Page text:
Fitness

How to get over your 5 biggest excuses for not exercising

There's rarely a good enough reason to put off a good sweat session.

 

I’ve been waking up at 5 a.m. almost daily for the past five years to sweat it out at the Ashtanga Yoga Centre of Toronto. I can safely say I’ve never been more fit in my life — I even surprised my doctor by growing an inch taller. The classes are Mysore-style, which means there’s no start time (everyone practises their prescribed sequence while the teacher walks around and makes adjustments), so it requires an added dose of discipline to get there. It’s an appointment I make with my mat first thing every morning, from Monday to Saturday. If I can’t make it to the studio, I roll out my mat at home and do the full 90 minutes.

There are no excuses for me, but everyone else seems to have one! Colleagues have been cornering me in the hall and friends have been sending me Facebook messages saying: “I’d love start exercising more, but I can’t.” Yes, you can! Here are the excuses I hear the most, and how to get around them.

1. “I don’t have time.”

As a mom of two with a full-time job, I can easily say you do have time. In fact, you’ll find waking up earlier in the day to exercise gives you the sense that you have more time in your day because you are forced to weed out time-sucking activities you simply don’t need. Because I wake up at 5 a.m., there’s no late-night TV and, therefore, no late-night snacking. You see how it all comes together?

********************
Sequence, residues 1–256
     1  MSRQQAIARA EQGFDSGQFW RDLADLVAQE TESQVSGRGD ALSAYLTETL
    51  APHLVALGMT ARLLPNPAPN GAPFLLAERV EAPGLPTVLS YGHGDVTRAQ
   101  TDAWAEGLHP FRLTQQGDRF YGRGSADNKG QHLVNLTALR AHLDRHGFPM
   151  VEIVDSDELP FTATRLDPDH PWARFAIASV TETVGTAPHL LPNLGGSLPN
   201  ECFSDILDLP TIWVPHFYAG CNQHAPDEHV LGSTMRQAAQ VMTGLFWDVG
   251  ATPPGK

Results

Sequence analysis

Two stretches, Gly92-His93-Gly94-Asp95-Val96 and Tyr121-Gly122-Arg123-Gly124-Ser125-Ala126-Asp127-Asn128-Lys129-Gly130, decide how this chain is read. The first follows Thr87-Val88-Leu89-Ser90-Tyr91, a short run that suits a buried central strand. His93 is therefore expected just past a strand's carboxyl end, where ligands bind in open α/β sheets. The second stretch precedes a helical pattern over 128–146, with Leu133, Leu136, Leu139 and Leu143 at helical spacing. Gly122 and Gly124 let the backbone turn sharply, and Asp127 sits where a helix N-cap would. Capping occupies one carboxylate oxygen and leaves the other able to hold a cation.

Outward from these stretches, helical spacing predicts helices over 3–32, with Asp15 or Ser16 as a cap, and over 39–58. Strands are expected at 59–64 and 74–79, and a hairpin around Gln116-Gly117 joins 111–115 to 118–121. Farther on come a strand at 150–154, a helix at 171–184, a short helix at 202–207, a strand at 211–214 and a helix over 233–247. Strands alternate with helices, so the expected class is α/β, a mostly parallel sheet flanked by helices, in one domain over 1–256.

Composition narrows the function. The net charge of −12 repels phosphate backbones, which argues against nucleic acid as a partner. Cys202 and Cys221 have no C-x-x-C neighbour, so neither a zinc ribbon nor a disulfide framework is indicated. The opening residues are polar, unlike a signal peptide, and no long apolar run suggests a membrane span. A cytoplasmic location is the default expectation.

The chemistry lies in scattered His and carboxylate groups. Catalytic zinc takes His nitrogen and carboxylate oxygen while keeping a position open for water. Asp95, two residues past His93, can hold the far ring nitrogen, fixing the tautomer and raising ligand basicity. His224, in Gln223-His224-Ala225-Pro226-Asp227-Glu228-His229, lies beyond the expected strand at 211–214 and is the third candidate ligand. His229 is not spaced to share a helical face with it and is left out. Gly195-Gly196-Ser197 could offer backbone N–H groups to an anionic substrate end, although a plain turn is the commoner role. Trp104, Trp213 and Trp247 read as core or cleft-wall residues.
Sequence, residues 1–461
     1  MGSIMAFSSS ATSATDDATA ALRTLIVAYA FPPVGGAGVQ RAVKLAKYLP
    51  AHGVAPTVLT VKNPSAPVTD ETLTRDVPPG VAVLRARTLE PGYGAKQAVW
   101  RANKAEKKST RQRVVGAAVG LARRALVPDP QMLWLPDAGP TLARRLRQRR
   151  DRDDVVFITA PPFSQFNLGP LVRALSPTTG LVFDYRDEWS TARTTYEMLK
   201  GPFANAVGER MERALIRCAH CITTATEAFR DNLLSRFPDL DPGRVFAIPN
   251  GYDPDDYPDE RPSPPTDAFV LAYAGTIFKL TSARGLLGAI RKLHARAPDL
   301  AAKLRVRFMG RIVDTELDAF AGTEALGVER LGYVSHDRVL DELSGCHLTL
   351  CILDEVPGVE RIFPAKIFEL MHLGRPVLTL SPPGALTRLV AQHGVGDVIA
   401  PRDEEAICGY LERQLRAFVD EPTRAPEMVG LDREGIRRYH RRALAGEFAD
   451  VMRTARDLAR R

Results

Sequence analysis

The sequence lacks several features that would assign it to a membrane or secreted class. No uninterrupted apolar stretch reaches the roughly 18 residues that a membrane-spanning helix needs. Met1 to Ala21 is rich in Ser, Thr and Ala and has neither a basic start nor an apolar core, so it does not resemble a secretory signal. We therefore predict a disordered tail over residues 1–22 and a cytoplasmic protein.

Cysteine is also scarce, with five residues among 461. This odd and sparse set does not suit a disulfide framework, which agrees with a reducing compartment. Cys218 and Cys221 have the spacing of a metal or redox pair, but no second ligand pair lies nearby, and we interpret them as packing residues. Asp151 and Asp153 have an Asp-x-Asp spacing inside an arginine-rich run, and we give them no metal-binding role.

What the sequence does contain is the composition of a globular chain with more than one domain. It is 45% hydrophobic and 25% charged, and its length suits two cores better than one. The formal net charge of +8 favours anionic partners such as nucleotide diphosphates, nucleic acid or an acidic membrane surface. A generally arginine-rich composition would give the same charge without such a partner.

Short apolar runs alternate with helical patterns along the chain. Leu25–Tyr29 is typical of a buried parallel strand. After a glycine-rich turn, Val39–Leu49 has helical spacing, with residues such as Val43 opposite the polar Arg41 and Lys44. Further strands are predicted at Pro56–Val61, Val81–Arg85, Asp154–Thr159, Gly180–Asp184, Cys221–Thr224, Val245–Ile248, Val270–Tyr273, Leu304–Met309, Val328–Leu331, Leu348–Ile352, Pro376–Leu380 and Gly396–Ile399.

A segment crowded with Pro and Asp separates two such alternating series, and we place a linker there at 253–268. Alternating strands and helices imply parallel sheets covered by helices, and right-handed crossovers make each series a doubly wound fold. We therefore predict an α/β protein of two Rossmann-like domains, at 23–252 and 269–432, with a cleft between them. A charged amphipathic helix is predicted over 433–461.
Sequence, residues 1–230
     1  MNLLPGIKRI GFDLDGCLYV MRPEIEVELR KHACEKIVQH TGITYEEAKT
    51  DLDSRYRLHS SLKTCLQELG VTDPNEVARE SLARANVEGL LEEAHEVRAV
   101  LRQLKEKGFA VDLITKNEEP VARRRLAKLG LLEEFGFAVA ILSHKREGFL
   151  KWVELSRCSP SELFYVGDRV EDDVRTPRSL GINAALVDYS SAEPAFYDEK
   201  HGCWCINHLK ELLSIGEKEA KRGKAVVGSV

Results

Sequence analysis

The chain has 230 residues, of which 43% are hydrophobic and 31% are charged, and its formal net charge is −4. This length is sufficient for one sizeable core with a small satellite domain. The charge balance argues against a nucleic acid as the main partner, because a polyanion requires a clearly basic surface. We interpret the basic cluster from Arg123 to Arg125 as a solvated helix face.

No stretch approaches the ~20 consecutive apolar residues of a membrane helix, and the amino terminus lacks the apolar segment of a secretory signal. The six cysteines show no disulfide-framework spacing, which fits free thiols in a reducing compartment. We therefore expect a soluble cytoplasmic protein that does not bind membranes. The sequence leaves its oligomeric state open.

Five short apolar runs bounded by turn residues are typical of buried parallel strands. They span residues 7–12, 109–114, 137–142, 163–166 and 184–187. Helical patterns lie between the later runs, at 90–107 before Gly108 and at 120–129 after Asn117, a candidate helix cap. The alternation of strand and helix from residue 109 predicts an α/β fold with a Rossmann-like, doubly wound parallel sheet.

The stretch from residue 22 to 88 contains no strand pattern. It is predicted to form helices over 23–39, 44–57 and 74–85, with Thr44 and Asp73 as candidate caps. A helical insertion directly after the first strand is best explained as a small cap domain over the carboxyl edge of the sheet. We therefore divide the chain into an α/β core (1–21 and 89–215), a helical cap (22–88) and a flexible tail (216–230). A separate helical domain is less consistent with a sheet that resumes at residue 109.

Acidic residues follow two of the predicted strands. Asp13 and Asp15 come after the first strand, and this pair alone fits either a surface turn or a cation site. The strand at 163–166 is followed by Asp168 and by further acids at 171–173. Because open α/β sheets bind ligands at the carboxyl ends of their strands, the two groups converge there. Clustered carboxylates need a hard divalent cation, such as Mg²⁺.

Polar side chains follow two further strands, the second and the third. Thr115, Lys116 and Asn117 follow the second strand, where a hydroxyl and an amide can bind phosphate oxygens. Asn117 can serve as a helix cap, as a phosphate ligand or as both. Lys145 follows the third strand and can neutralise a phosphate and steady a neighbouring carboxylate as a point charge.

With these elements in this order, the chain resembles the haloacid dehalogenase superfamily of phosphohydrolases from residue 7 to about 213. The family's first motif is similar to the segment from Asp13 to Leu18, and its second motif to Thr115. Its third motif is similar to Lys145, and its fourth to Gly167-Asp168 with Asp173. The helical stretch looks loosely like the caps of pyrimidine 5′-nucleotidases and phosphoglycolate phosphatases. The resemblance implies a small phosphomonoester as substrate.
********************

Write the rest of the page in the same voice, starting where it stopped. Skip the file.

2. “I’m not a morning person; I like my sleep.”

It’s rare that you meet a true morning person. But being productive early in the day is something you develop — a good habit — over time. Sure, it’s a struggle to get out of bed, but other than that whole before-dawn, dark-as-hell thing, it starts to feel pretty much the same as waking up at, say, 7:30 for work. Besides, if you go to bed earlier, you won’t lose that coveted sleep.


Related: 5 ways to make exercise a lifelong habit


3. “I don’t have the money or resources.”

It really doesn’t cost much to move your body. You don’t have to do world-class yoga — you just have to move. Turn on some music and dance. Put on some winter gear and take a walk. Find “your yoga” and do it. You can invest in it a little more once the habit is fully in place.

4. “I have kids.”

Awesome! This means you, more than your friends who don’t have kids, need to do this. Why? Because it’s one of the few things you’ll do simply for you. If your kids are really young, you may have to wrangle some help from your partner so you can get out of the house to experience the full ecstasy of me-time. If that’s not possible, dance with your early riser — they make great weights! Trust that you’re developing a great habit for when they’re old enough to sleep in. When I first started waking up to do yoga, my kids cried and didn’t want mommy to leave. But now I come home and they’re still asleep. Bonus: They have a great example of what it is to practise good self-care.

5. “I’m not strong or flexible enough.”

Well, what better reasons to start a yoga or exercise program. Indeed, there’s no better response to this than a trip to the Mysore room: I’m on my mat in the corner of the room doing my legs-behind-the-head advanced poses, and there’s a guy beside me working on his Triangle pose or trying to touch the floor with his finger tips and bent knees. No matter where you’re at, you’re working toward something. This is why I love the word “practice.” It’s an individual process. You’re not exercising for anyone but yourself — your very own practice. How special is that?

So now that you’ve run out of excuses, here are my best tips for starting a regular exercise routine.

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